2. Setting up the scene to create an interesting pattern for the blur (often, we need highly reflective/emissive objects to get the splotches of light)

While the first step is easy, the second one is tricky to get right.

bokeh tutorial

Blender depth of field

Actually, How to Achieve a ‘Cool’ Bokeh?

In photography, there are all sorts of lenses and some of them have aperture shape and lens aberration that produces a ‘pleasant’ bokeh.

It’s very subjective quality that can’t be measured. Personally I don’t think that near-ideal circular bokeh is the only option. Polygons are fine for me. They have style.

12_blender_bokeh_03

Speaking about environment, getting the ‘right’ bokeh is no easier than getting the right composition or the right lighting.

You just need to figure it out in practice.

For stating such thing in the tutorial I’m shooting myself in the foot, but I don’t see the other way around. Photographers do it everyday and eventually they crush it.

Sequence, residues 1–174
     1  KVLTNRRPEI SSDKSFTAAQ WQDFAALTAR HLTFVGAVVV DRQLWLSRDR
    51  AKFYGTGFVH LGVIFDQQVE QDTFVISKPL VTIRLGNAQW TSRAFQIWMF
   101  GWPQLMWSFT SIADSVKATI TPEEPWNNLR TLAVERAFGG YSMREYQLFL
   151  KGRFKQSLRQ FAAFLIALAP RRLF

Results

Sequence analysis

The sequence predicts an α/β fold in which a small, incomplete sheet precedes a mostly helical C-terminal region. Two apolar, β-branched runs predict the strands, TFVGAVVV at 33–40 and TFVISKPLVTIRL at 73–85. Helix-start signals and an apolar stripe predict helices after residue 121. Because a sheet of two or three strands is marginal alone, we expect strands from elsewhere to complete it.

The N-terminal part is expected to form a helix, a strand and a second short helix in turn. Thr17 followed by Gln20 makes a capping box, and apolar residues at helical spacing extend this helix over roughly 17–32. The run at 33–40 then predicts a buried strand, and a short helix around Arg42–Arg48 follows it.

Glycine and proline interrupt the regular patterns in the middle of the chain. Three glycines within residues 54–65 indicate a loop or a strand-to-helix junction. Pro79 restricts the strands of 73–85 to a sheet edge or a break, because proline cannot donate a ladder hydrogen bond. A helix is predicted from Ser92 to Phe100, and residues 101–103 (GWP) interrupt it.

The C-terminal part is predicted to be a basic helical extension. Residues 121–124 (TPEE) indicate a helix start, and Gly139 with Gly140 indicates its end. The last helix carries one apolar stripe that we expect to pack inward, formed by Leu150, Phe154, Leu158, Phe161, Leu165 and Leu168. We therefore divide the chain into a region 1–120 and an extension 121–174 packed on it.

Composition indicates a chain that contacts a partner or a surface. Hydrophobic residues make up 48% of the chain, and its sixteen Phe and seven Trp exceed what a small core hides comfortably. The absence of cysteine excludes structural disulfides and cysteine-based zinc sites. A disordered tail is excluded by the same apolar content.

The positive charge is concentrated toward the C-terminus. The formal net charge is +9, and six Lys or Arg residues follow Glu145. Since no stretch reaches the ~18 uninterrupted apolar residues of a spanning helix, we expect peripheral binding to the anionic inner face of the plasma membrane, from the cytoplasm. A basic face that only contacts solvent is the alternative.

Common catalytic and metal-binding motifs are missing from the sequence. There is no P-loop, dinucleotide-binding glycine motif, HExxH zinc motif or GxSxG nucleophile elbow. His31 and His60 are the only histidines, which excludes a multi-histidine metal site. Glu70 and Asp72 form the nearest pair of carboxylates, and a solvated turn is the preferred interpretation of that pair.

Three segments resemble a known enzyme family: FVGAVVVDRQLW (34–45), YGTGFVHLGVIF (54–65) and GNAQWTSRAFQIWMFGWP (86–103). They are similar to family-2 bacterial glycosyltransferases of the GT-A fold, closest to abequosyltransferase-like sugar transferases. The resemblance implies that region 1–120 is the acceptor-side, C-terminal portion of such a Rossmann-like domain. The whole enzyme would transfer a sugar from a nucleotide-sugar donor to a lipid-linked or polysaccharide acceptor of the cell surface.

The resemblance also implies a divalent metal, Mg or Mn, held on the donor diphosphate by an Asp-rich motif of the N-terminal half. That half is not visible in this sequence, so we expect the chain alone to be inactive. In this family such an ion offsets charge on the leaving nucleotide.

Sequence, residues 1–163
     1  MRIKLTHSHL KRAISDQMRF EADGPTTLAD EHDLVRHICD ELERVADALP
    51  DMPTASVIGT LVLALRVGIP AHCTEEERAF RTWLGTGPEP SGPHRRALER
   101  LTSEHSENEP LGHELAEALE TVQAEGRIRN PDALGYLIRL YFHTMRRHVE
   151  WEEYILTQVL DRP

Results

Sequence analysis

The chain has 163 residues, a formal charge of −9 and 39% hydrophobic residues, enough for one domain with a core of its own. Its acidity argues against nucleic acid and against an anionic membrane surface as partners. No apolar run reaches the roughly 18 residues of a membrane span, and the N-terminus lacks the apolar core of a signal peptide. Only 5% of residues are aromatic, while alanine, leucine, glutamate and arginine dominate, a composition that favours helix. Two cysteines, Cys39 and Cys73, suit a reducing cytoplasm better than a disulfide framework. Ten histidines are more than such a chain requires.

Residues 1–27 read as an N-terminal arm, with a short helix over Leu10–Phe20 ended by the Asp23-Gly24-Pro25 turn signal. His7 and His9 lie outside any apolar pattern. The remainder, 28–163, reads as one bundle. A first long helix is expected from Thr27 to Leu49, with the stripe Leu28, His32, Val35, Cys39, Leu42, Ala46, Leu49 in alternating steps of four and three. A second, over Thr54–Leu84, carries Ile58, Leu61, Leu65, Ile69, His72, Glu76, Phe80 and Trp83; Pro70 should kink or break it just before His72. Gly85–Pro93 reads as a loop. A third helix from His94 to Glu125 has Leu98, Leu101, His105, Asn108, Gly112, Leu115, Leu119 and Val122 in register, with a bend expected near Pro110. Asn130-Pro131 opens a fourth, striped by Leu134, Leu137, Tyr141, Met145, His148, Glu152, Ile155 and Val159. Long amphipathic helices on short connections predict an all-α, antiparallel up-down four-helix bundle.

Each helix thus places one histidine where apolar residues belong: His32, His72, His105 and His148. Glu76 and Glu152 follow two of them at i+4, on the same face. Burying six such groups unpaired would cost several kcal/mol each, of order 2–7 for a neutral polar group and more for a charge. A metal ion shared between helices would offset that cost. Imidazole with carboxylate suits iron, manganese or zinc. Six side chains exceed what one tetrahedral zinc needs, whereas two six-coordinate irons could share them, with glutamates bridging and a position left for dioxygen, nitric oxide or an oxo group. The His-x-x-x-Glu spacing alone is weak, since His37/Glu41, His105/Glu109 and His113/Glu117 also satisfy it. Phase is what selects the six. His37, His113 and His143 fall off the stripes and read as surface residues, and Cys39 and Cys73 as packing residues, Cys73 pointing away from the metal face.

I think that’s the point.

bokeh blender perfect holiday

Perfect Holiday by Nita

 

Bonus Tips:

1. WYSIWYG (What You See is What You Get)

Try enabling bokeh somewhere in the middle of the modelling process. Don’t wait for the post-processing. Knowing how blur will be distributed, you can see which objects need your love, and which not.

2. Effect can play a leading role

Techniques, developed by photographers, can be implemented here and there in your renders. Try making a render, in which bokeh effect is THE MAIN OBJECT of the picture.

Not a finishing touch, but a hero.

3. Lighting is the key to amazing bokeh

When illuminating the background, think about adding texture to the light, to achieve an interesting lighting pattern. Or just do what everybody else do: place the shine holiday garland somewhere in the background.

Thanks to Matthieu Sévère for a great photo (which you can see on the thumbnail). Also, cheers to other artists, whose photos and renders are featured in this article.